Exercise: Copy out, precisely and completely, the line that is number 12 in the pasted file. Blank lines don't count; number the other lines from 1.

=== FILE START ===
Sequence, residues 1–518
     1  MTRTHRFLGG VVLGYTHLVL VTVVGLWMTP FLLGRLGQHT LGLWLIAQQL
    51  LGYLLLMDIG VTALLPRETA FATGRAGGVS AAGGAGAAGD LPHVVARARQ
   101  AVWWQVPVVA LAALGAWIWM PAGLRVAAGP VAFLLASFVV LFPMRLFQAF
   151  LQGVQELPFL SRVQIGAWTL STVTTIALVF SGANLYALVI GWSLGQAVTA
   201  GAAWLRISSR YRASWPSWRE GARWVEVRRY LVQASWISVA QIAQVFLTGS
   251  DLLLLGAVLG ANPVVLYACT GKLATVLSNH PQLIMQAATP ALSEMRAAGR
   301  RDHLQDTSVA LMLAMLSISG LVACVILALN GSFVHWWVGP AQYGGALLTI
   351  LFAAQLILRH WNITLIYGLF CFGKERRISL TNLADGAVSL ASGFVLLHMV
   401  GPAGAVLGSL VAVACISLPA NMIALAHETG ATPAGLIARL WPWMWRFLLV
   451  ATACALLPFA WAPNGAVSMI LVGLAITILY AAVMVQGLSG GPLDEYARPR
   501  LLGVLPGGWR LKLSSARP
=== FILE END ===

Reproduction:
   501  LLGVLPGGWR LKLSSARP